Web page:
I still jostled against the watchman’s back. I was wet and cold and shivering as I dangled from Wil’s shoulders, unable to see the castle’s architectural wonder. I heard them speak in hushed voices, wondering at the scrollwork chased into the stone. Even as they wound down the path to the front gate, I could hear the muffled wails resounding in their bestiaries. Giant, trumpeting things like nothing else I’d heard in my life.

Wil must’ve heard it, too. “Let’s be quick about this,” he said, and in a moment I was slamming into Wil’s back in wider arcs as his strides stretched even longer.

I heard Lan hammered his fist against the entrance three times. “Open up!” he rasped. “We’re going to catch a chill out here!”

There was no sound. He pounded again. “Open this door!” he shouted.

“Lan,” Wil said. “Try the knocker.”

Lan’s leather gloves squealed over the brass ring set into the door. He rammed it down so hard that I thought I heard the echo on the other side. Then the muffled sound of scuttling boots. A piece of me had wanted to panic, but I was too busy fumbling for my hound’s nonexistent consciousness. My senses grasped at the world uncertainly.

The door shrieked open. Wil and Lan stared at the figure in the entryway. Nobody spoke. Then Lan realized she’d been waiting for him to speak. “Lordess,” he addressed her, “We–we heard the Magisterium accepts children with the New Gift?” He had meant it like a statement, but his voice raised uncertainly toward the end.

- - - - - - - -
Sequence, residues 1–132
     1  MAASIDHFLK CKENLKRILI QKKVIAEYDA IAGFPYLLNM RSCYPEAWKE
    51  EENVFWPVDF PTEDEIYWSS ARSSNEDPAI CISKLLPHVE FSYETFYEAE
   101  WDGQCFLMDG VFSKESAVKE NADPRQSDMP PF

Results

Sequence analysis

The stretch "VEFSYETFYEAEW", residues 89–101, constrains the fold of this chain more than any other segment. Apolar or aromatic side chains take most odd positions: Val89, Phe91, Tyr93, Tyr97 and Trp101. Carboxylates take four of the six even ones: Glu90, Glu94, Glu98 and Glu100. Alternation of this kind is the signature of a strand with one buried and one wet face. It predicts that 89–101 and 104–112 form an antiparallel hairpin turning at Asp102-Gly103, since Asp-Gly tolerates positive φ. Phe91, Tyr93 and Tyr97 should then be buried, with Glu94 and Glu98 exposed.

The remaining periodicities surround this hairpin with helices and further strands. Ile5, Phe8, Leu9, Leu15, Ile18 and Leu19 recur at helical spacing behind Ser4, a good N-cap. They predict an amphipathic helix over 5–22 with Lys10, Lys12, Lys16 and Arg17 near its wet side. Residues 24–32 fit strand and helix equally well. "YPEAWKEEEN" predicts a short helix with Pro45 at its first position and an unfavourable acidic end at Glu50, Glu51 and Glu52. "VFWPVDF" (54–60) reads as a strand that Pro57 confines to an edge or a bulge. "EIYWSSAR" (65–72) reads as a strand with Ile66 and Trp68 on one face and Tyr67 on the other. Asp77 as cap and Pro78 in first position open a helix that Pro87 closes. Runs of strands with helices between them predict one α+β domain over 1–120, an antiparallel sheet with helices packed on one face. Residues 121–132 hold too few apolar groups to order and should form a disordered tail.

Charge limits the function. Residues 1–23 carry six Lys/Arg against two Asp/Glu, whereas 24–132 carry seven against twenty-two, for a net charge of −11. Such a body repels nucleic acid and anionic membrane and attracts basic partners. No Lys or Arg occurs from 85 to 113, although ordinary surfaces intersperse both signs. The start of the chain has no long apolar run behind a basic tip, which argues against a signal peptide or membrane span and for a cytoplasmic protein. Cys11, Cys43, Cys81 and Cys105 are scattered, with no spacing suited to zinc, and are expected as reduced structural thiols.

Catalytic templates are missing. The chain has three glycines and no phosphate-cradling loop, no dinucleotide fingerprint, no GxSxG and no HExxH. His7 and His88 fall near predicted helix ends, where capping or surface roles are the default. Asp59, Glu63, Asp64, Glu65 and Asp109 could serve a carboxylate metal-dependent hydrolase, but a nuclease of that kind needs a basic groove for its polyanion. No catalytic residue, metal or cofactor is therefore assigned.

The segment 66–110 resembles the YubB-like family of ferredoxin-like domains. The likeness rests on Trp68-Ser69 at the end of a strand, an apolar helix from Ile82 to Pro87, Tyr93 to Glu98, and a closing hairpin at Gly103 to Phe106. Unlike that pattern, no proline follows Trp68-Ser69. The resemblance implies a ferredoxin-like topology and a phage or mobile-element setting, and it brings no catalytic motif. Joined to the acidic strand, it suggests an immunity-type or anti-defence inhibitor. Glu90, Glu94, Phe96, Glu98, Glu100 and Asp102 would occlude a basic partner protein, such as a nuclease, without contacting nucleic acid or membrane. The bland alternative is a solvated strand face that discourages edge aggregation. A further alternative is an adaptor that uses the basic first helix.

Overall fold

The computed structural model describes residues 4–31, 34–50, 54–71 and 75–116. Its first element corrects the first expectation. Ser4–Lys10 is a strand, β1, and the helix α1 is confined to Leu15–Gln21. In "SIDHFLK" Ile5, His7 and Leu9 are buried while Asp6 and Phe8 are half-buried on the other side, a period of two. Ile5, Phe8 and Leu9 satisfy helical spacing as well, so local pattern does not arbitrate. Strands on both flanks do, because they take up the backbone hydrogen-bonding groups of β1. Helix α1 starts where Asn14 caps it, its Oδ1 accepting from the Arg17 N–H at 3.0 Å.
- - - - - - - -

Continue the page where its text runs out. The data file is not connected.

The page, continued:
“Yes,” the Lordess said.  

Another beat of silence passed before Lan realized she didn’t have anything more to say. He elbowed his partner. “Show her, Wil.”

Wil dumped me carelessly onto the floor, face up. Arrows of rain fell onto my face.

The woman frowning over me had deep-set wrinkles on her brow. She had a long blade sheathed in a leather scabbard hanging at her belt. She rearranged her skirts so that she could crouch over me. She looked like a collapsing tower as she knelt, knees popping. “Where did you find him?”

“On the street,” Lan answered. “He was connected to a hound. Only the New Gift could do something like that.”

I wanted to rage and scream. I strained to bite the nearest scrap of flesh and run. But my limbs would not obey me. Her callused hand scraped across my cheek. “How do you know that?” she asked.

“He was close to Feral when we found him. He’d stolen rations off a nearby merchant’s cart.”

“The hound,” the woman said. “Where is it now?”

“Dead,” Lan answered, frowning. “That shouldn’t matter, though.” There was an angry edge to his voice. “The Magisterium has no use for dogs.”